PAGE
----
MODERN MARVELS Apps Aid the Blind
Software helps the sightless be self-sufficient
John DiMarco is stepping from a trolley in Fort Myers Beach. He has spent two hours traveling from Naples for a Beach Lions Club meeting. The trip has been on public transportation, which isn’t all that strange. Except that DiMarco is blind. He is one of America’s sight-challenged who increasingly use technology to help them cope. DiMarco uses an iPhone and a dozen or so phone/tablet applications to help him travel, make purchases and otherwise manage his life. Software and global positioning have given the sightless new opportunities― and hope―to move about independently, with surprisingly little assistance. “The technology allows the blind to see the world as others see it,” says Janet Alterman, a supervisor for Florida’s Division of Blind Services in Fort Myers. “It has opened a whole new set of doors.”
Descending from the trolley at a sheltered bus stop on Estero Boulevard, DiMarco―who is 69 and uses a black Labrador leader dog to assist him―begins scrolling his iPhone, thumbing an application that tells him in Siri’s voice precisely where he is standing. Each icon sings out as his thumb passes over the screen. It’s difficult to keep up with DiMarco’s scrolling through voice messages that sound like Alvin the Chipmunk. He has manipulated the phone to speed Siri’s voice as he has gained confidence in managing the apps.
At the bus stop DiMarco awaits a ride to the Lions Club, patting his wet dog, Shadow, as the rain falls. The club is finalizing the Shrimp Festival, its big drive to fund local programs for the blind. Waiting in the bus shelter, DiMarco explains that he lost his eyesight a decade ago to a macular disease, eroding from fuzzy vision to complete sightlessness. Perhaps because he knew what was coming, DiMarco stayed upbeat as a white curtain was drawn across his eyes. “It closed one chapter,” he says, puffing on half cigarettes, “and opened another. I think I accepted it more easily.”
This may sound nice, but life can be tough even with functioning eyes, let alone depending on a machine to walk store aisles and home hallways, to stay connected to a visual world. Close your eyes and try not walking into a door or donning a shirt that’s not inside out—issues that DiMarco still fights.
“It’s a big shock,” says Mike Ulrich, a Cape Coral man who is losing his sight as a result of health issues in 2004. “It’s pretty much textbook—the six steps of denial, fear, the whole gamut. And then you learn you’ve got to adapt, or you go nuts,” he says, noting that he is less reliant on hand-held technology, instead using screen-readers and other home devices to manage his affairs. Ulrich also underwent skills training from Blind Services, today using a long white cane to negotiate stores and walking trips, and learning to ask the sighted for directions inside an office building, for example. “You get to know places as three sidewalks up and two sidewalks over,” he says. “It can be done.”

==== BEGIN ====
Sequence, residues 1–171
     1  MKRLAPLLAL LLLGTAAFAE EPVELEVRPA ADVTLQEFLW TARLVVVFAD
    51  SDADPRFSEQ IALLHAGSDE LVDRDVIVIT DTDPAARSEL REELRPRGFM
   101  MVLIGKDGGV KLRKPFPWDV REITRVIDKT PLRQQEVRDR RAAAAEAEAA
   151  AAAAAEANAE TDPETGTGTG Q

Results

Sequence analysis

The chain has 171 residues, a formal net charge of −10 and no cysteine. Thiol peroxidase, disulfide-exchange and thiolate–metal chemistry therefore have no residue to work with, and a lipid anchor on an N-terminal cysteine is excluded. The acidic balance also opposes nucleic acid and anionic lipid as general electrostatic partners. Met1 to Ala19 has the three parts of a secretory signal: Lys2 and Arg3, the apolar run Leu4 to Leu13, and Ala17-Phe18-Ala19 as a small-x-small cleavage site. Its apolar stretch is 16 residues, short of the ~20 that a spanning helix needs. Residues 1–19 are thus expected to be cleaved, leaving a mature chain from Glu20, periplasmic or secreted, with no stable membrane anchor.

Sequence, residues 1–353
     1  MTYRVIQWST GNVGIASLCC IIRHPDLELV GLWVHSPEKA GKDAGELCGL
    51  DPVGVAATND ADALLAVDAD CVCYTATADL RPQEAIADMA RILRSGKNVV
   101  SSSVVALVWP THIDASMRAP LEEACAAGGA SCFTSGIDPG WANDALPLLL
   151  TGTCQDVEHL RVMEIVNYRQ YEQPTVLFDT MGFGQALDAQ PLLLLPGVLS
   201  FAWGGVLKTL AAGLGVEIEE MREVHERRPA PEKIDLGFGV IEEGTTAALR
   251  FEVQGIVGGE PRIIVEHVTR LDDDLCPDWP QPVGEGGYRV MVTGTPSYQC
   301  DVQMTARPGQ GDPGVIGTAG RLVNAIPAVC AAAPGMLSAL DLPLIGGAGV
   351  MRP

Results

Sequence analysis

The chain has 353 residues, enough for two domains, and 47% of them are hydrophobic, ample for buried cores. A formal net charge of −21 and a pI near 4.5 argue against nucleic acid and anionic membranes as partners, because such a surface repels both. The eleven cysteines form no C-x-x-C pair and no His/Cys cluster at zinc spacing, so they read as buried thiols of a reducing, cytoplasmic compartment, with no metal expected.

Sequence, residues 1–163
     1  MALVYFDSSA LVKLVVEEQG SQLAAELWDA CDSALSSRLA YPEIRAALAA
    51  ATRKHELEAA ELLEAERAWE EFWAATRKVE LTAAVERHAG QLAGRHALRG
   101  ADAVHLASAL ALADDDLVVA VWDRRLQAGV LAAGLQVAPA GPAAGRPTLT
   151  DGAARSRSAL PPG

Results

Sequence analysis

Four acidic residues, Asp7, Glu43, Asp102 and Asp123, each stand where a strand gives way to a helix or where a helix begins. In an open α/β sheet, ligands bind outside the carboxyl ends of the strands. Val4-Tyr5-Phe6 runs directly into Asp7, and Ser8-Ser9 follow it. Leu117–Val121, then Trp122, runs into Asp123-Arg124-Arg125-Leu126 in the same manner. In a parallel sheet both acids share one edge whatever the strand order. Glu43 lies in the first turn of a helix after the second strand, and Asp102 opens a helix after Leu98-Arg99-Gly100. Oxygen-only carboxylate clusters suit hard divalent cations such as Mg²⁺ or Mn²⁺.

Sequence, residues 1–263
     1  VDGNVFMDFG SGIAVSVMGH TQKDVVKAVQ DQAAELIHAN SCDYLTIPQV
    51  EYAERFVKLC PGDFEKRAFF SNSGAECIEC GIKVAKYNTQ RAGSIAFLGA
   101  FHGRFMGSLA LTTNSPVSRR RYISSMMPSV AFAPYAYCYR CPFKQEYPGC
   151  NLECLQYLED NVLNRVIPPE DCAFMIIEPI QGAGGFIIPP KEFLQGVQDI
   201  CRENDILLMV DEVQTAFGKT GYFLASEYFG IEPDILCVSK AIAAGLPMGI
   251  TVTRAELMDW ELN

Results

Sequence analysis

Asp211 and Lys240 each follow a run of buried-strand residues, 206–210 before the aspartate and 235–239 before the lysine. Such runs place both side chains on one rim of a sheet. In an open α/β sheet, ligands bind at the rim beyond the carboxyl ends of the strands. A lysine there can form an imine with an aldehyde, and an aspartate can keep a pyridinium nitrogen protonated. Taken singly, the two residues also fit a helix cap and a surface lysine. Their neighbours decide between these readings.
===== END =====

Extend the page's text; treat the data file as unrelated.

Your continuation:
As technology lopes ahead, so do the number of blind in America, particularly in states such as Florida, with a high number of seniors. Some 5.5 million Americans over 65 and 15 million from 18 to 64 have significant vision loss, according to the American Foundation for the Blind. Disease, injury, hypertension and diabetes are chief causes for vision loss. Some 60,000 legally blind children are enrolled in American schools.
People with visual disabilities are aided by software such as JAWS (Job Access With Speech), a screen-reader that talks to its blind users. The device vocalizes emails and what Ulrich types on the keyboard, for example. Many services for the blind are funded by agencies such as the Division of Blind Services.
DiMarco’s iPhone screen has a dozen or so software apps, including the Be My Eyes application that connects the blind to sighted helpers via phone cameras. The user points the phone camera; the volunteer describes what is on the screen. DiMarco has used Be My Eyes to amuse himself, the sighted volunteer describing a woman DiMarco has met, for example. DiMarco enjoys telling the woman that her eyes are attractive, he says. “You don’t stop having fun” when you lose your sight, he says.